Many consumers are surprised to learn that their chocolate contains lecithin, especially if they plan to bake with it. So what is soy lecithin, and why is there soy lecithin in chocolate & other smooth treats? We address these questions and more in this week’s in-depth dive into chocolate ingredients.
What is Soy Lecithin?
Soy lecithin is an important byproduct obtained from the production of soybean oil. In the food industry, it is widely used to hold emulsions of liquids and fats together. This overall improves consistency by keeping ingredients dispersed equally throughout the compound. In the supplement industry it is an antioxidant, a wetting and stabilizing agent enriched with choline.
It’s actually the presence of choline which makes soy lecithin a common supplement as well. Daily doses of soy lecithin are said to lower bad cholesterol and promote the overall health of cells and the nervous system. In the cosmetics industry lecithin is also used because it helps restore moisture to the skin, so you see it in lotions and conditioners. The broad applications for its use and many generally positive attributes are why you will commonly find soy lecithin in chocolates of all kinds.
The discovery of lecithin is credited to a French chemist and pharmacist, Theodore Nicolas Gobley, who successfully isolated unpurified lecithin from egg yolk, carp fish eggs, fish roe, and brain tissue in a series of extended studies between the years 1848-1850. The extracted lecithin always yielded a mix of oleic acid, margaric acid, and glycerophosphoric acid when hydrolyzed. It would take additional research in the 1860s to identify choline.
This eventually led to the discovery of the first phospholipid in the form of phosphatidylcholine. In the year 1889, the presence of lecithin in soybeans would be published in Switzerland, and the expansion of soy oil refining in the early 20th century led to large amounts of sludge-like waste products which would later be dried by processing plants in Germany into soybean lecithin.
Why is Lecithin in Chocolate?
The emulsifying properties of soy lecithin are commonly used in the chocolate industry. Cacao beans alone don’t always mix so smoothly with the added sugar and milk powder, which can noticeably thicken the chocolate. Additional cocoa butter is the traditionally used emulsifier, however it was found that a much smaller amount of lecithin proves to be just as effective.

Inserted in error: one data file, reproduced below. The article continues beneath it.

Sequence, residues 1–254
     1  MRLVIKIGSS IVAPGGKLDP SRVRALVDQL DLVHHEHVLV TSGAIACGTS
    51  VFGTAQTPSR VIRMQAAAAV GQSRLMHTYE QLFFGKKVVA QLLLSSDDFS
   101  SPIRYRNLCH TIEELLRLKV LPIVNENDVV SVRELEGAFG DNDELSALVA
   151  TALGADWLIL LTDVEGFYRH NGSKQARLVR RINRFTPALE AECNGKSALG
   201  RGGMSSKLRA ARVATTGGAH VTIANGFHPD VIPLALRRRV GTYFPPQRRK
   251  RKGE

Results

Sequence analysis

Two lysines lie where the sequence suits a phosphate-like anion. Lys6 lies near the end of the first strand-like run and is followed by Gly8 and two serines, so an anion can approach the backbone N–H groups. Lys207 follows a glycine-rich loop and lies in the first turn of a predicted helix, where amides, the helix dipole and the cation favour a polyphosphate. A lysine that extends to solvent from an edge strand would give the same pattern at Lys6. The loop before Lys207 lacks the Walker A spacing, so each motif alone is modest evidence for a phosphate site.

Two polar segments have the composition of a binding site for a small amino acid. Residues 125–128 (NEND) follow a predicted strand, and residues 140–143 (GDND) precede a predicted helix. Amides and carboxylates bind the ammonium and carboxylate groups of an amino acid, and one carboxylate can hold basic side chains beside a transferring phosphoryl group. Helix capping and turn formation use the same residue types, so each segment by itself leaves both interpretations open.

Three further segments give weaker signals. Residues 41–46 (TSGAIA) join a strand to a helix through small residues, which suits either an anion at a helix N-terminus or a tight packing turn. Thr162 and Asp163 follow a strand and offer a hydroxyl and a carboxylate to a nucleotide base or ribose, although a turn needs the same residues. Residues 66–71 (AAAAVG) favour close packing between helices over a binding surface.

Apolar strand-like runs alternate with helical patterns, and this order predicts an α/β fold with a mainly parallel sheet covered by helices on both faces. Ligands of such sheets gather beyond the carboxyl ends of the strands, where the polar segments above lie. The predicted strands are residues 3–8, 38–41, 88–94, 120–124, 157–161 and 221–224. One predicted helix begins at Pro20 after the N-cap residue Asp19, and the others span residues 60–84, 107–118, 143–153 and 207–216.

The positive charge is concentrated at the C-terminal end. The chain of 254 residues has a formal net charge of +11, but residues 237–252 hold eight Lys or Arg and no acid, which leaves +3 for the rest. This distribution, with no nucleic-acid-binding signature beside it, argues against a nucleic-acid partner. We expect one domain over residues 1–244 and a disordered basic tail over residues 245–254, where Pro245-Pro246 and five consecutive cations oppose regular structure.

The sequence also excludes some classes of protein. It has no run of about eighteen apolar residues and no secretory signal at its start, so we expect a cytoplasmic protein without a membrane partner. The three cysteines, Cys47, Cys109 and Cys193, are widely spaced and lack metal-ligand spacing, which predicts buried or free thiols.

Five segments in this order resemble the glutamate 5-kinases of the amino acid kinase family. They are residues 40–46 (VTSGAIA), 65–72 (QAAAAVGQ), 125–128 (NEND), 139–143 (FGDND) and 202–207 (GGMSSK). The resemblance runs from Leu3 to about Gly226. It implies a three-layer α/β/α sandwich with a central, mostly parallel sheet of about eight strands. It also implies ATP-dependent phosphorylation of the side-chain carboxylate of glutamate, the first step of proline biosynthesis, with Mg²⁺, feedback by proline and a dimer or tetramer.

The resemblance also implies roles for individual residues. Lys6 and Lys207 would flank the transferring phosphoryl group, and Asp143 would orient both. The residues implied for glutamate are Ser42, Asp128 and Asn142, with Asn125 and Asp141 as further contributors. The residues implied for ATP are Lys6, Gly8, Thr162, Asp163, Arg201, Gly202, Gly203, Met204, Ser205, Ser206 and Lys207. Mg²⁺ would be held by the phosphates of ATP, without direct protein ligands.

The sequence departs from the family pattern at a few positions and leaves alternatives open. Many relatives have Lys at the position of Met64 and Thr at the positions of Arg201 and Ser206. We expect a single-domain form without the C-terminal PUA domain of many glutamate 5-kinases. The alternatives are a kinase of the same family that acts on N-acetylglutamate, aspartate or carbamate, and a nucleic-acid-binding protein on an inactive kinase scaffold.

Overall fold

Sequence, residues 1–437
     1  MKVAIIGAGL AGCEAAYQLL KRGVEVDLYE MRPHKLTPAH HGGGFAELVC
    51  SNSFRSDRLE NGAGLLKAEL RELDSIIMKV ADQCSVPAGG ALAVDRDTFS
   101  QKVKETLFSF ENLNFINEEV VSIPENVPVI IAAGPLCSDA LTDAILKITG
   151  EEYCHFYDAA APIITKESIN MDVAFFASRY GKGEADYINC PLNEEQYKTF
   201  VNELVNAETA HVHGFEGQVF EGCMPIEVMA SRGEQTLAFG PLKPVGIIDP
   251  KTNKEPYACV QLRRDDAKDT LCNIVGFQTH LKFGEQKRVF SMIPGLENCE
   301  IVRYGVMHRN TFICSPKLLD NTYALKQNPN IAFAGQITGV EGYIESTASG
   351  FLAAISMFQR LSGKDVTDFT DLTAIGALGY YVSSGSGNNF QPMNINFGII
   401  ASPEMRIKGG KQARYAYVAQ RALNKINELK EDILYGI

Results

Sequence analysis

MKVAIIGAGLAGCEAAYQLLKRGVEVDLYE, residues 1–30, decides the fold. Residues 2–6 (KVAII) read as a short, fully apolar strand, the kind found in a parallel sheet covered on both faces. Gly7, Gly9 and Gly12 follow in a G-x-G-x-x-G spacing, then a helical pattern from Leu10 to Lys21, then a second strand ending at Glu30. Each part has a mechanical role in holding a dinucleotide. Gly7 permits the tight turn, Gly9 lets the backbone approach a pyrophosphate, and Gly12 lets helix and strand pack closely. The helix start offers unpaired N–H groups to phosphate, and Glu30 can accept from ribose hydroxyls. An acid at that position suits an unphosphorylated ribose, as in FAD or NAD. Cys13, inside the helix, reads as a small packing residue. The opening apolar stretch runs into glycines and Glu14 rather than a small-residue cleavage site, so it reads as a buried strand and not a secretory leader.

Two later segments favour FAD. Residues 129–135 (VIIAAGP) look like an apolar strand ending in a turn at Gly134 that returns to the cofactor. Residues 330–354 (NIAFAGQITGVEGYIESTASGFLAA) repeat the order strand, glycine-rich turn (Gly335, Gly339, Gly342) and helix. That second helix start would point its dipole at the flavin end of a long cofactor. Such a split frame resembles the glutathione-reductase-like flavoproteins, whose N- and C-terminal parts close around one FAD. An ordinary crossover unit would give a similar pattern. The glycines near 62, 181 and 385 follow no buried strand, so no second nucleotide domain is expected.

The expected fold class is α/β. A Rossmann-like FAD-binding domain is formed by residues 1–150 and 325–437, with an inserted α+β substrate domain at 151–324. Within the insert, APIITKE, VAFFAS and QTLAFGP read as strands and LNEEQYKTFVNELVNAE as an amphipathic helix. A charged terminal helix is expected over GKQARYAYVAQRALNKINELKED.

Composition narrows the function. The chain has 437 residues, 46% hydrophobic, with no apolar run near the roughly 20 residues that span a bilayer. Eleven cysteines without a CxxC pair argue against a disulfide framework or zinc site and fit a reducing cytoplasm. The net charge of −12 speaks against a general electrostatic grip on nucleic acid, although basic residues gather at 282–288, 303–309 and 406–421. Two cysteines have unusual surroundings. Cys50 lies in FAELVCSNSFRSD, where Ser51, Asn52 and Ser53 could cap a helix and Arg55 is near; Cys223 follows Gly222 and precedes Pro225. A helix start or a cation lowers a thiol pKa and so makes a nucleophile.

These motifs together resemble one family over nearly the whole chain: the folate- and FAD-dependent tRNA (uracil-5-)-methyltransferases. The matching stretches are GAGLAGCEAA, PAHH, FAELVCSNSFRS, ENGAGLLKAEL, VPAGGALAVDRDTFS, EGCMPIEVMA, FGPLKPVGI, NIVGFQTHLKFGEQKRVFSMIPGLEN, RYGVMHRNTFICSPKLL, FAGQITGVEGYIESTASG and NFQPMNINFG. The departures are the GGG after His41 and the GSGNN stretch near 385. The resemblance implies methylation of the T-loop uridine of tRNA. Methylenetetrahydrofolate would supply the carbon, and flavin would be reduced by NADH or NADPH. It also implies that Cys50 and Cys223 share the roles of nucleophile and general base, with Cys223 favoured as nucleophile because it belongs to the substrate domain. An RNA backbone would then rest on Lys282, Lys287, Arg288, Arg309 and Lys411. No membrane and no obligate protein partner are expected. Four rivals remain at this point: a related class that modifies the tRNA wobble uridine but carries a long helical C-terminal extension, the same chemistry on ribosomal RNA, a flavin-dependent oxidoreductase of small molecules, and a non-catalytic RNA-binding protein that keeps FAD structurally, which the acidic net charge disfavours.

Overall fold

Lecithin then partially replaced the increasingly expensive cocoa butter as the emulsifier in chocolate. Its role is to reduce the friction between the ingredients in chocolate and disperse them evenly throughout the mixture. The addition of these fatty substances makes chocolate less viscous, allowing it to flow better while also improving the appearance and particle size of the ingredients.
Making chocolate easier to work with reduces the strain that grinding & concheing machines experience while making it, and in the end it will result in improved texture. Like cocoa butter, soy lecithin contributes to stability and improves shelf life. Despite lecithin’s benefits, there is increasing concern about its usage by many health-conscious consumers.
Two big factors which affect the perception of soy lecithin are: 1) the heavy chemicals used in the recovery of soy lecithin from soybean oil, and 2) that 94% of soybeans planted are genetically modified organisms or GMOs. Health-conscious consumers prefer naturally grown organic foods and ingredients.
Due to a large percentage of soybean products being derived from GMOs, soy lecithin in chocolate faces more scrutiny and controversy unless it can be proven to be from organic sources. There are also no easily distinguishable differences between GMO and non-GMO soy lecithins, making it difficult to differentiate. Instead, manufacturers are required to certify their products under guidelines provided for by their chosen certifying organization.
Soy Lecithin vs Sunflower Lecithin
Lecithin can be obtained from a multitude of animal and plant tissues. Besides soybean, sunflower seeds are one of the leading oil-producing seeds in the world and account for 87% of vegetable oil production. Where soy lecithin is harvested from the degumming process of soybean oil, sunflower lecithin can be obtained from the gum of dehydrated sunflower seeds without the use of chemicals like hexane and acetone.